Where all should I go?

This is the most difficult question to answer, especially when your destination is a land of a variety of experiences – like Europe, or even like India. The process is making a set of difficult decisions – like choosing one of your favorite places over another of your favorites, or drop some nice place because it is not convenient to reach, or whether to visit a place with a lot of hype, or some place with a laid back atmosphere. You should also remember that visiting the same kind of places one after the other, without having a variety is going to make your holiday boring and tired as well. So, the choice of places, as well as the order in which you visit them is the first important step in planning.

Europe is quite a large land mass. And for the sake of travel, I’d like to put the European countries into smaller baskets, so that it is easy to decide which places to visit, and which places to leave out until the next visit. The grouping of these countries is based on similar experiences, expenses and comfort of travel. From these baskets, you can decide how much of each category you want to experience.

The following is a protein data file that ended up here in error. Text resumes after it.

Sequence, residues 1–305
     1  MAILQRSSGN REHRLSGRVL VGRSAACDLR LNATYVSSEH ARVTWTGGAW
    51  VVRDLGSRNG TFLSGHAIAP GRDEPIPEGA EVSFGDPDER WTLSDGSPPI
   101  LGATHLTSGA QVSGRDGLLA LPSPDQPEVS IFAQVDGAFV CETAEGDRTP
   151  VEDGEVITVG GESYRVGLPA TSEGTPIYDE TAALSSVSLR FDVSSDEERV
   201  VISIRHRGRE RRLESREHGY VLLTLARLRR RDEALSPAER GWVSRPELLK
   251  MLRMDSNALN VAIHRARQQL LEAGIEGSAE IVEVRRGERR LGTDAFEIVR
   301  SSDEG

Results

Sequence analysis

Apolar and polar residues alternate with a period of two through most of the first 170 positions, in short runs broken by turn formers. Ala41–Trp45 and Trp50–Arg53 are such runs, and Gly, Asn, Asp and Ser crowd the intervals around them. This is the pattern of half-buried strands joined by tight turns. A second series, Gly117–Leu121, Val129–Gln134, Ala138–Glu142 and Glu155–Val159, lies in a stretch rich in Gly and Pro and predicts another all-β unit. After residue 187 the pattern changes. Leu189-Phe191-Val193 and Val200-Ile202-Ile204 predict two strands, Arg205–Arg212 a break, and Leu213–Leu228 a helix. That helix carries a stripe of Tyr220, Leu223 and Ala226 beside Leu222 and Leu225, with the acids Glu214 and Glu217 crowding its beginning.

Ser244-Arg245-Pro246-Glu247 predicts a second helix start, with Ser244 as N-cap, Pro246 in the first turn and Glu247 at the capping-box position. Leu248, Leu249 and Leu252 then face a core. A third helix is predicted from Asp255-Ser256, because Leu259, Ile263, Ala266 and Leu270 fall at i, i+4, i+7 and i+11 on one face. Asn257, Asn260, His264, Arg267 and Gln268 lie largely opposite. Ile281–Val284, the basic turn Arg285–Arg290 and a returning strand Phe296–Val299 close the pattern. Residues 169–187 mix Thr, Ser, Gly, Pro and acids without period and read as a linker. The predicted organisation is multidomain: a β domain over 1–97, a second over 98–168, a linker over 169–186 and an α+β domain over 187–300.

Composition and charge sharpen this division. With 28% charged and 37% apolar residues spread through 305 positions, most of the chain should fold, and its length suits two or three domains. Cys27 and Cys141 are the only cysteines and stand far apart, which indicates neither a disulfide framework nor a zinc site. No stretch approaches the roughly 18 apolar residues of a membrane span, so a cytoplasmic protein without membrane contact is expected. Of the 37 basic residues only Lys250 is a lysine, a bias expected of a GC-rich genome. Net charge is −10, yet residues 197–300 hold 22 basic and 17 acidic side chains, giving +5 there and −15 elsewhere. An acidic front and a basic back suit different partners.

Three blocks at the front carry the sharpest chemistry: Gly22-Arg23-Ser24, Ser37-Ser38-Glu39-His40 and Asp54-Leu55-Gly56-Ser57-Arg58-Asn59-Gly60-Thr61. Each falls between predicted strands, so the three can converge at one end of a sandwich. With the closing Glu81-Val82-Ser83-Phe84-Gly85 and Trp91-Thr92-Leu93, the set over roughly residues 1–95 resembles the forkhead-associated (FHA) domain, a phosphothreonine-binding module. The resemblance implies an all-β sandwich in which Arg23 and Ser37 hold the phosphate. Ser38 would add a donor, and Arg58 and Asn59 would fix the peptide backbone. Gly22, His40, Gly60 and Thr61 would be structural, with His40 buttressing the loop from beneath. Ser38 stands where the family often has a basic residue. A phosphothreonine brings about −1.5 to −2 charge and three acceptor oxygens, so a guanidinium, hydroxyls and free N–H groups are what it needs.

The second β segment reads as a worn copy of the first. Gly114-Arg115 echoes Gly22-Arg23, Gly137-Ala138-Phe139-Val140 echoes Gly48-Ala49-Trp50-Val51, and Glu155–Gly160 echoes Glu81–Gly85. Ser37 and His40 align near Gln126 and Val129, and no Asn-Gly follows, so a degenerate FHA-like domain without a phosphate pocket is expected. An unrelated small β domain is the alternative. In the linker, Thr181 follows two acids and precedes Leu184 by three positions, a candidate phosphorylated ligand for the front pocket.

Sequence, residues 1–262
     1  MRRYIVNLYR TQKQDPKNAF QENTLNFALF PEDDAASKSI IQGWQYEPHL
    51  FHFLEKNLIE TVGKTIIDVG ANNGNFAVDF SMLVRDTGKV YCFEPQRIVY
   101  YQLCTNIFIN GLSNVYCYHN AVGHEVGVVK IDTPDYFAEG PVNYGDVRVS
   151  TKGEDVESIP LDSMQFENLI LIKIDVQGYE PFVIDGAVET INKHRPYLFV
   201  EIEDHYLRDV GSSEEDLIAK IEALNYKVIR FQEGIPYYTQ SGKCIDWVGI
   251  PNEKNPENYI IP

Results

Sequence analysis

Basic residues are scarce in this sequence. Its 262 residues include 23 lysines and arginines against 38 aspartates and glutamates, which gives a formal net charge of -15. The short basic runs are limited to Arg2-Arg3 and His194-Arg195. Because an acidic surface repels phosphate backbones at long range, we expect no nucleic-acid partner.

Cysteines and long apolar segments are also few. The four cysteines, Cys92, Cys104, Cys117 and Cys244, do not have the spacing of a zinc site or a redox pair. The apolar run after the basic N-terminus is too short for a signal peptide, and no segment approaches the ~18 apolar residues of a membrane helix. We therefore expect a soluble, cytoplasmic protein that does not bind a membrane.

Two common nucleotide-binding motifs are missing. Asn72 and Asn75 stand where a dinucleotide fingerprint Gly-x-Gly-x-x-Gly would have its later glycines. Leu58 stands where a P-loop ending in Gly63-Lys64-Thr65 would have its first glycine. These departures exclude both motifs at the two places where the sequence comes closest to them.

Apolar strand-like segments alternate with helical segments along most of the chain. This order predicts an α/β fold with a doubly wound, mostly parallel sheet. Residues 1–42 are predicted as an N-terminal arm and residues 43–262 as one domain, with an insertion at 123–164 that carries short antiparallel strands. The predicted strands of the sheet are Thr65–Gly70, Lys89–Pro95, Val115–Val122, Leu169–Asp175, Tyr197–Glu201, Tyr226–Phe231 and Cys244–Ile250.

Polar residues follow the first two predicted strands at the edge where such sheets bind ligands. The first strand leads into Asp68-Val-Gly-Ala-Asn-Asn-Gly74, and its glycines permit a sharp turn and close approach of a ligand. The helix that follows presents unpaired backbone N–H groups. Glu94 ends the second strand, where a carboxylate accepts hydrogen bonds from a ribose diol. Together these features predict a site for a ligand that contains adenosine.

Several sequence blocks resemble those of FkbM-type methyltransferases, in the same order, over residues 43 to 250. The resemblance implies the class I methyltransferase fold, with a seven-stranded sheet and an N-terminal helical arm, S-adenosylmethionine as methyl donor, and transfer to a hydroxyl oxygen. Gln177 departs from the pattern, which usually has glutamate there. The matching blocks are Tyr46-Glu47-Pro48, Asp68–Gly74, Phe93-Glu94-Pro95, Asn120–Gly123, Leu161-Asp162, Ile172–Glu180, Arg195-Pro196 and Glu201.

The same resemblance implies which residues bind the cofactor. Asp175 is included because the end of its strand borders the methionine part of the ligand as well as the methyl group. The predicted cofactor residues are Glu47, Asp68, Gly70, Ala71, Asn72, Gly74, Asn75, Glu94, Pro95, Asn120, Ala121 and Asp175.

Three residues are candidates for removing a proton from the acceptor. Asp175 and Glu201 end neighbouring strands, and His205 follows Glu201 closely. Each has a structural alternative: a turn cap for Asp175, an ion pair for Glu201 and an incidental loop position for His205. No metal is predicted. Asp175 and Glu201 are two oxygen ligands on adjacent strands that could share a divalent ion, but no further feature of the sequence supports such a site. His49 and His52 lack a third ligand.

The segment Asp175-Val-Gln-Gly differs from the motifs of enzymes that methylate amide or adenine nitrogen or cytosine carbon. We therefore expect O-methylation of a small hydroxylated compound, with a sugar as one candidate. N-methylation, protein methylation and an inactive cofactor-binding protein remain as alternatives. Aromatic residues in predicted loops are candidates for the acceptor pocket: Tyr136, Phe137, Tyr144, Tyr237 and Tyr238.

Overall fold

• The power centersFrance, Germany, Netherlands, Belgium and Switzerland
  • The fun centers – Italy, Spain, Portugal, Greece, Croatia and Turkey
  • Scandinavia – Norway, Sweden, Finland, Denmark and of course Iceland
  • Central and Eastern Europe – Austria, Hungary, Czech Republic, Poland, Romania, and what not!
  • The UK and Ireland

The power centers

Amsterdam, Netherlands
Source: Kevin Felix on Flickr

You will need a Schengen visa to travel to Europe, which is valid in most of the above countries (except a couple). The countries which have the most financial and business interests in keeping the Schengen area and the European Union together are these countries. They are the most developed of the whole lot, and the most safe for travel as well. You have the best infrastructure here, trains and buses arrive on the dot, and things are generally expensive in these countries, especially for the tourists.